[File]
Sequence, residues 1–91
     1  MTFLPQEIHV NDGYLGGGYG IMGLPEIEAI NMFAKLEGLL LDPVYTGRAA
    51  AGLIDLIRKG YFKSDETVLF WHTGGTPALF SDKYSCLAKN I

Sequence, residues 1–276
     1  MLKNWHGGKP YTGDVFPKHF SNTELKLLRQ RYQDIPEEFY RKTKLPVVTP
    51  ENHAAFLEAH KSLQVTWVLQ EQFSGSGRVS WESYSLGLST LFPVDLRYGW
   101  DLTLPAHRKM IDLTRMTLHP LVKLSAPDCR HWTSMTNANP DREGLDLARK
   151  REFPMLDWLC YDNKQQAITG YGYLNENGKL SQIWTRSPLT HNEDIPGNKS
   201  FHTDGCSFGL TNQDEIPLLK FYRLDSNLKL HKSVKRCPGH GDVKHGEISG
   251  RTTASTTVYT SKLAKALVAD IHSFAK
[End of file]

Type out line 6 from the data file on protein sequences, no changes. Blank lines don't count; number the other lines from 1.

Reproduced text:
    51  ENHAAFLEAH KSLQVTWVLQ EQFSGSGRVS WESYSLGLST LFPVDLRYGW